So that aspect alone will restrict attendance at both meets, because with 2012 being an Olympic year and June the month of most Olympic Trials meets, the odds are that most people will want to stay as close to home as possible in order to be as fresh as possible for Trials meets. Of course, there is another decision that is completely taken off the table for the athletes – what events they can compete in in each meet. Because as I’ve lamented ad nausea, the Diamond League meets are only half meets – and the U.S. meets get the short end of the stick here as well!

First off here are the events that will be contested in each U.S. meet:

Men 200 400 800 1500 110H TJ DT JT
Women 200 400 ST HJ PV LJ DT  


Men 200 400 800 ST 110H HJ LJ DT
Women 100 800 5000 400H PV TJ SP JT

The first thing you notice is that the star potential is taken off the table as there is no men’s 100 in either meet. Given that a) the 200 is the lesser contested of the two sprints (100/200) in any season, let alone an Olympic one, and b) with Trials meets coming up it will be less likely to see a sprinter here than in the 100, it’s a fairly safe bet that seeing Bolt, Gay, Dix, Blake, et al is nearly slim to none in the U.S. No offense to any of the other star level athletes out there, but there goes a large chunk of the star quality and drawing power in this sport – no offense just fact at this point – because right now the 100 is The marquee event in the sport.

The next thing I noticed is no men’s 5000 or 10,000 in either meet – a huge negative for the Pre Classic in my opinion which has always been the country’s premier distance meet. This is a meet that is named after a distance running icon, yet will not have EITHER event on the schedule – almost un-American. The historical significance aside, it also means that seeing any of the major African distance runners is virtually out of the question in the U.S. meets – a tragedy that is really on par with missing out on the world’s top sprinters!

Some might say that Pre will have the men’s 1500, and I would say that you’re right there – so perhaps we may get a few milers to town in Eugene. But the next noticeable slight is that neither meet will have the women’s 800 or 1500 meters – two middle distance events where the U.S. has really begun to shine in the past few seasons! So not only will distance mecca Eugene be without the African distance runners – and our own Ritzenhein, Rupp, Solinsky et al, - but they will also be without ” home” favorites Uceny, Rowbury, Wurth Thomas, Simpson, Wright, Gall, Montano and Vessey to name a few.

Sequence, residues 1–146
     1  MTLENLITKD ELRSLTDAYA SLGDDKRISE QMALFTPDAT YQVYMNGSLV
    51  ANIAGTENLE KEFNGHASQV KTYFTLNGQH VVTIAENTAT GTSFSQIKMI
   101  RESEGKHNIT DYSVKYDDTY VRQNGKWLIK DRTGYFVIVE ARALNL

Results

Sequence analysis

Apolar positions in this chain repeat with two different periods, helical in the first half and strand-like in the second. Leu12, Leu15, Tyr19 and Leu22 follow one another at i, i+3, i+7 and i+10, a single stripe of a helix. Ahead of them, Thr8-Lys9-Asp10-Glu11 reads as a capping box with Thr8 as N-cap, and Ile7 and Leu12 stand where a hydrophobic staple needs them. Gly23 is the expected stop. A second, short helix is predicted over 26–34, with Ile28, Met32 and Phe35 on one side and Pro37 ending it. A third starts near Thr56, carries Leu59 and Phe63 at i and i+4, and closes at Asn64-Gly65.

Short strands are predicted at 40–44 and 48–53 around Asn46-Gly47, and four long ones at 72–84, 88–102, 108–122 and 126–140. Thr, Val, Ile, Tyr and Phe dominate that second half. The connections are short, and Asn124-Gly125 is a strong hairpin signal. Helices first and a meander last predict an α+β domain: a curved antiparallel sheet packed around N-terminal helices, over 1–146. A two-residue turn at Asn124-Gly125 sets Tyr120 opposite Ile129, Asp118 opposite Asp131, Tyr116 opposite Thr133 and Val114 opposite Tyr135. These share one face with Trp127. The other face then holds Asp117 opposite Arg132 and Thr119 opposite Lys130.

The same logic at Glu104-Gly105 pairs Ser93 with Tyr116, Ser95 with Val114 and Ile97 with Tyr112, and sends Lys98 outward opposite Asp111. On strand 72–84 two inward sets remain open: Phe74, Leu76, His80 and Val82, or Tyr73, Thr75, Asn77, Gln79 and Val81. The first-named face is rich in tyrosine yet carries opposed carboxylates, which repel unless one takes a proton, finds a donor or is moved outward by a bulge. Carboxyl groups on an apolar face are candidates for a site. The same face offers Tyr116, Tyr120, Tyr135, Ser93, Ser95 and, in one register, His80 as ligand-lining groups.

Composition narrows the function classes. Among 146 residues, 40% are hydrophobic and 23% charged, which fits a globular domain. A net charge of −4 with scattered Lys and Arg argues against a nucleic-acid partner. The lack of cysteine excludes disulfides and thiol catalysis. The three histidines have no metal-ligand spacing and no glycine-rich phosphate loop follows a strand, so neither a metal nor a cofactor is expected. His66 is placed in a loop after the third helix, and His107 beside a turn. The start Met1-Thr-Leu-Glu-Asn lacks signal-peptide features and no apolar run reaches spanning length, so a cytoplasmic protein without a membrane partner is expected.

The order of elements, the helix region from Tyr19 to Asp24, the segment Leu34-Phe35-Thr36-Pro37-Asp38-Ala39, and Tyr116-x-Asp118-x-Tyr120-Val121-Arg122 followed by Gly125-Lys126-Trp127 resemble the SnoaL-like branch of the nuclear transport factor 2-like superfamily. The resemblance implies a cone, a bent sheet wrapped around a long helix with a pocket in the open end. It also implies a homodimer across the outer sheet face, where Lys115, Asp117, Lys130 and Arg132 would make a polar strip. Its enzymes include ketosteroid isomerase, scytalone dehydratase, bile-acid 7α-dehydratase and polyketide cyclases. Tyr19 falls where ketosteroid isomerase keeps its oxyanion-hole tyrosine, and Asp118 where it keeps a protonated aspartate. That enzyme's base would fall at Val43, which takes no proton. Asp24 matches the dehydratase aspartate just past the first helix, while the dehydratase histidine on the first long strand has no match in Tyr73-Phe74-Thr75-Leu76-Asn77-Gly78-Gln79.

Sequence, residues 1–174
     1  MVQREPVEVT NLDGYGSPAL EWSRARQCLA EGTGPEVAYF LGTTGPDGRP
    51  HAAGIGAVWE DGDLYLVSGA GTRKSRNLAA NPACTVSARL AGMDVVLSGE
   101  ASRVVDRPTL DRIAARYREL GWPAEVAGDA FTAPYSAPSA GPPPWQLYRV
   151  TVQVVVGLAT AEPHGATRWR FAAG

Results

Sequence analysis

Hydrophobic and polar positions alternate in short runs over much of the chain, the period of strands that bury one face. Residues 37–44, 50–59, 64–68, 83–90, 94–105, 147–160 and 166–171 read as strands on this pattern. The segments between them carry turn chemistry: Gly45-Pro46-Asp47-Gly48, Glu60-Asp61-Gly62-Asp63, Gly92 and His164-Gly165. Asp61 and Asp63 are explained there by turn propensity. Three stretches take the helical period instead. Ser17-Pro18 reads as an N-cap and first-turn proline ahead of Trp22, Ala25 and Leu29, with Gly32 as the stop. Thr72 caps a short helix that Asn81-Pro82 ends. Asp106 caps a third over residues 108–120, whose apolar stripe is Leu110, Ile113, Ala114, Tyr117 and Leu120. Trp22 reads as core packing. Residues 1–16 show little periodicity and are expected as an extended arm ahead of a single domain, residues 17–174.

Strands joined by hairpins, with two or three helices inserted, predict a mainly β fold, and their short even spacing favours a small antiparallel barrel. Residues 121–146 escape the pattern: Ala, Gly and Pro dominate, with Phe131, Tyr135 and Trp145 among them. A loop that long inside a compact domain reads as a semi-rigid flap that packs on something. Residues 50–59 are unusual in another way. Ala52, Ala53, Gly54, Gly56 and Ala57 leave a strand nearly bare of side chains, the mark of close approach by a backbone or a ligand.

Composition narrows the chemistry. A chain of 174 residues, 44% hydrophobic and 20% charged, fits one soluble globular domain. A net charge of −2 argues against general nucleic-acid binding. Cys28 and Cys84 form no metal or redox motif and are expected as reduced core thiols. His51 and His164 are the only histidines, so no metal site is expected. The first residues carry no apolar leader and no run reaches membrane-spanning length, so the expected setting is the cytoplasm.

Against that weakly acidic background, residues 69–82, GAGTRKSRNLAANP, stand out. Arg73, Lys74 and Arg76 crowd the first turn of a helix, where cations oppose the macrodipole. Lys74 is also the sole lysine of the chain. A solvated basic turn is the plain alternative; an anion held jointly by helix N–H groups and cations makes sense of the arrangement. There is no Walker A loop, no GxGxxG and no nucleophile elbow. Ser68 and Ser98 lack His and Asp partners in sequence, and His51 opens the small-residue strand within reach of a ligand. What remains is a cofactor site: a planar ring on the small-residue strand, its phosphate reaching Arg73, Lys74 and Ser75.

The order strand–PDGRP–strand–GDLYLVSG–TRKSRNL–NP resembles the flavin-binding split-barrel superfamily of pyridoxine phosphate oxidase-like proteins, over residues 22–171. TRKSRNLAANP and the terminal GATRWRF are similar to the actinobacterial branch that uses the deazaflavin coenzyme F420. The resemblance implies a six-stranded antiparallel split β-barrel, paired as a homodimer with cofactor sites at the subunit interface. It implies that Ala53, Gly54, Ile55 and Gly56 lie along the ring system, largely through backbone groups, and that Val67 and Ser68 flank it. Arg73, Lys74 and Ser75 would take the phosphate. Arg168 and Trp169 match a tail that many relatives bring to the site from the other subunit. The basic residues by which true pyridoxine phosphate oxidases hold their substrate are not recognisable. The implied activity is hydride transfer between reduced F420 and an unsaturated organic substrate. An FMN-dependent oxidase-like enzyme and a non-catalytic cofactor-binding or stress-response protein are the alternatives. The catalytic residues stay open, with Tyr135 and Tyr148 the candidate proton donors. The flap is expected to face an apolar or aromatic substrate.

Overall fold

Don’t get me wrong, there are plenty of top level athletes out there to put in these meets. We do get the 110 hurdles which has star potential with the likes of David Oliver, Jason Richardson, Liu Xiang and Dayron Robles. We do get both the men’s and women’s 400 which could have LaShawn Merritt, Jeremy Wariner, Allyson Felix, and/or Sanya Richards. But the reality is that we lose out on some serous BIG name potential off the top just from the schedule. So I have to ask: Is there any benefit to being part of the Diamond League, or were we better off when we had a strong Pre, New York and Home Depot on our schedule? For my money the answer is – yes.

New York went from the exciting Tyson Gay v Usain Bolt meet of 2008 to the sleep fests we’ve seen the past couple of years – as logistics and event scheduling as virtually killed this meet in my humble opinion. Just two years ago (year before DL) the Pre meet boasted Gelete Burka (3:59.89) barely over Jenny Simpson (3:59.90); Asbel Kiprop (3:48.50) over Haron Keitany (3:48.78) in the mile; Vivian Cheruiyot (5:31.53) over Maryam Jamal (5:31.88) in a 2000: and Bernard Lagat (7:35.92) over Saif Shaheen (7:36.87) in a 3000; in an awesome display of distance running fitting the man the meet is named after – there will be none of that this year!

The Diamond League is proving to be an abject failure on several levels, including what it is doing to what few meets we have left here in the United States. It seems like there is little real thought going into the scheduling process – especially when it comes to creating meets in the U.S. that a) have any real appeal, and b) that make any kind of logistical sense.